“Astounding,” Sōjirō murmured, examining his blade. “It’s beyond repair.” Then he shrugged, sheathing it. “Oh, well… it’s Shishio’s, anyway.” He started toward the stairs by which Shishio had exited, as Battōsai began walking back toward Saitō and the two children.
“There is no winner or loser in this match,” the hitokiri said, his tone calm.
Sōjirō nodded. “I’ll be on my way for today. I hope we meet again. Before then,” he added, as he passed Battōsai, “please find another sword.”
Battōsai didn’t respond to that, simply watched the young assassin start down the stairs. Then he met Saitō’s gaze, and the Shinsengumi could easily read the thought in the amber-blue eyes: This will be a problem.
“Himura…” Misao said quietly, looking at the broken sakabatō as Battōsai re-sheathed the part he held. “Your sakabatō… broke….”
“And Shishio and most of his gang got away as well,” Saitō added.
“Hey!” the girl snapped, glaring at him.
“Well, another sakabatō can be made,” Battōsai murmured, “and we can chase Shishio again. And we managed to rid this village of Shishio’s men. That is something, at least….”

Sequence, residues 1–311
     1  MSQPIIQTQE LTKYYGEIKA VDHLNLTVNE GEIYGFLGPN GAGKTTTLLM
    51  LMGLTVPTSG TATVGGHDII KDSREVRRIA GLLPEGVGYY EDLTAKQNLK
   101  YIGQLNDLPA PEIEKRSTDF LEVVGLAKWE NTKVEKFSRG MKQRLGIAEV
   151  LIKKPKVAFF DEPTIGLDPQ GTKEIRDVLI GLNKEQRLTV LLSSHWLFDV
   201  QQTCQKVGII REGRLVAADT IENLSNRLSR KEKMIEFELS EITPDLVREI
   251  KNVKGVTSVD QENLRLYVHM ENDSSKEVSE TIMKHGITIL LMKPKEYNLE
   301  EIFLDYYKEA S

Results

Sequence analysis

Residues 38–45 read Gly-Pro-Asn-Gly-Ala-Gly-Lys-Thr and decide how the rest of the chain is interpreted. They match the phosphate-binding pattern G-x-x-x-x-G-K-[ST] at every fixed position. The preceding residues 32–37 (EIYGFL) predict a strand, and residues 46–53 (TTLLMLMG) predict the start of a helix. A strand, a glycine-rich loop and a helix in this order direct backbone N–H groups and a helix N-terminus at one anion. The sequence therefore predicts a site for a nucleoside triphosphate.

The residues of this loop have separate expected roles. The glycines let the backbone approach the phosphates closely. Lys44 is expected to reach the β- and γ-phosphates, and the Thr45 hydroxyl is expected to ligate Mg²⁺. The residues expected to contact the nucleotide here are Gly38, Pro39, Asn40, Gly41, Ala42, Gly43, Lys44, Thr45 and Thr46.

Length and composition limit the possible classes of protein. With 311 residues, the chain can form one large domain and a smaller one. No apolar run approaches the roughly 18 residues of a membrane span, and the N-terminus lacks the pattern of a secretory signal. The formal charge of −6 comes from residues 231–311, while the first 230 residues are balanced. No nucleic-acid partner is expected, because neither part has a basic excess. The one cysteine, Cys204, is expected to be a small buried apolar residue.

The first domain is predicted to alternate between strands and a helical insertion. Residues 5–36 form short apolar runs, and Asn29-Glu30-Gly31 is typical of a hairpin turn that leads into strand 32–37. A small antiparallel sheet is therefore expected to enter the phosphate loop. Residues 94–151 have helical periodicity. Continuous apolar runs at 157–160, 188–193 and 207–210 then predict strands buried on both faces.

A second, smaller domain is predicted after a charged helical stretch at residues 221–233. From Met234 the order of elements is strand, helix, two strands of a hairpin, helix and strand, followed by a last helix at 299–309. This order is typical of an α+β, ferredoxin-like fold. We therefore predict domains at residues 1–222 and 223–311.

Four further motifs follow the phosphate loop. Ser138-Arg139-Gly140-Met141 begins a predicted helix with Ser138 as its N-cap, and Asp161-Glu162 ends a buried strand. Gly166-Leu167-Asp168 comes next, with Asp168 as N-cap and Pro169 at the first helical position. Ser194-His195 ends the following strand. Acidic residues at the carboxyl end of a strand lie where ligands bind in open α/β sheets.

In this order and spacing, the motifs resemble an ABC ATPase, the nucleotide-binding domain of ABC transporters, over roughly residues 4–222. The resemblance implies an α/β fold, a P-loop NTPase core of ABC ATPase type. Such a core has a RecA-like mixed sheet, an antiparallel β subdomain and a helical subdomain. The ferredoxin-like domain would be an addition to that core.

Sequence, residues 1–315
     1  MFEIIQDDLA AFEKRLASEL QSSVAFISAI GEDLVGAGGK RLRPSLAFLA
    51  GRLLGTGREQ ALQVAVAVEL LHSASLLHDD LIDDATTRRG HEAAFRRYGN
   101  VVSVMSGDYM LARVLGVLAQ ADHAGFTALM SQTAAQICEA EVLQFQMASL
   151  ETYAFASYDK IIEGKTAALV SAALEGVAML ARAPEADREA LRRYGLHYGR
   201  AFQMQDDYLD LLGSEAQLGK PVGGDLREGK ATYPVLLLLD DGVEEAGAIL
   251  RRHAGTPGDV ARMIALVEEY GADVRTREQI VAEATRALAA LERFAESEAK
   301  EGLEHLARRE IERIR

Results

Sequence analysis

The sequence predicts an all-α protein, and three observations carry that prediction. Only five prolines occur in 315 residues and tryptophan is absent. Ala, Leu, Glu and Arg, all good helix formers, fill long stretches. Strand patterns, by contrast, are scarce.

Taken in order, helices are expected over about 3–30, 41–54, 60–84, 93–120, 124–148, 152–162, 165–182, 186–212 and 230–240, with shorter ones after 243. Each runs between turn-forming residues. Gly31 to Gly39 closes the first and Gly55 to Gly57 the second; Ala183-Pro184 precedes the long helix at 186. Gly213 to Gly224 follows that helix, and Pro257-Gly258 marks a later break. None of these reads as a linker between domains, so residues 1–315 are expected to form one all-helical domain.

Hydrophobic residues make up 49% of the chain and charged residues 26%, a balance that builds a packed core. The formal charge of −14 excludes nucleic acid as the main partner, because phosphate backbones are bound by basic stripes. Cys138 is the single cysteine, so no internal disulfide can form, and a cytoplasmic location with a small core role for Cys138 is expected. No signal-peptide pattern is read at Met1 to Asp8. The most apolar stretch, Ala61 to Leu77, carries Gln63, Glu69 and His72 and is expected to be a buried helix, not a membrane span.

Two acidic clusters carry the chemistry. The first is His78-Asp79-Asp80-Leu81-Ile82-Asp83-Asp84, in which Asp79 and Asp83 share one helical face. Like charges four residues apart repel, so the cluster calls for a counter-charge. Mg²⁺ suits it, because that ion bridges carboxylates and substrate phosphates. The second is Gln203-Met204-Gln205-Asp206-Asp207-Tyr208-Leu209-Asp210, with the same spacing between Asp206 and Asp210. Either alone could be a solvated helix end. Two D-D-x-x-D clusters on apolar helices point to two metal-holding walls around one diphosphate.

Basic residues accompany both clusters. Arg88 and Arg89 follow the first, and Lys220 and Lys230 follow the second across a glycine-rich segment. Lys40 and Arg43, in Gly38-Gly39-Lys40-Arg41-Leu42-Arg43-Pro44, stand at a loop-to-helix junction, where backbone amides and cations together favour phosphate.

As Misao walked over to the hitokiri, Saitō’s attention was caught by the boy, Eiji, as he moved toward Senkaku’s unconscious form. Remembering the rage he’d sensed in the boy’s ki when they’d been in the village – a completely understandable rage, admittedly – he frowned. He didn’t like the looks of this. Eiji was young enough to think that revenge would make everything better. Pushing himself away from the wall, Saitō started toward the boy.
A moment later, Eiji raised the old sword he had been holding, his intentions obvious, just as Battōsai and the girl noticed what was going on.
“Eiji,” Misao shouted, reaching out one hand as if to stop him.
The boy didn’t appear to have heard her. His attention was fixed on Senkaku, and if looks could kill, the giant would have already been dead.
Before Eiji could bring the sword down, however, Saitō had grabbed the blade from behind. The boy turned his head to stare at him, and Saitō took hold of the collar of his gi and tossed him back against the wall, firmly enough to make an impression without hurting him beyond minor bruises.
“He’s no use to us dead,” the Shinsengumi said curtly, looking down at Eiji as the boy tried to recover from the impact. Mishima Ei’ichirō had been one of his people, and Saitō had always taken his obligations to his people seriously. He would not allow the boy to ruin himself when he could prevent it; this was the Meiji era, not Edo, and things had changed. Besides, while Senkaku hadn’t been in Shishio’s inner circle, he had been of a higher rank than the foot soldiers that had been all they’d managed to capture and interrogate thus far. “There’s still too much we need of him.”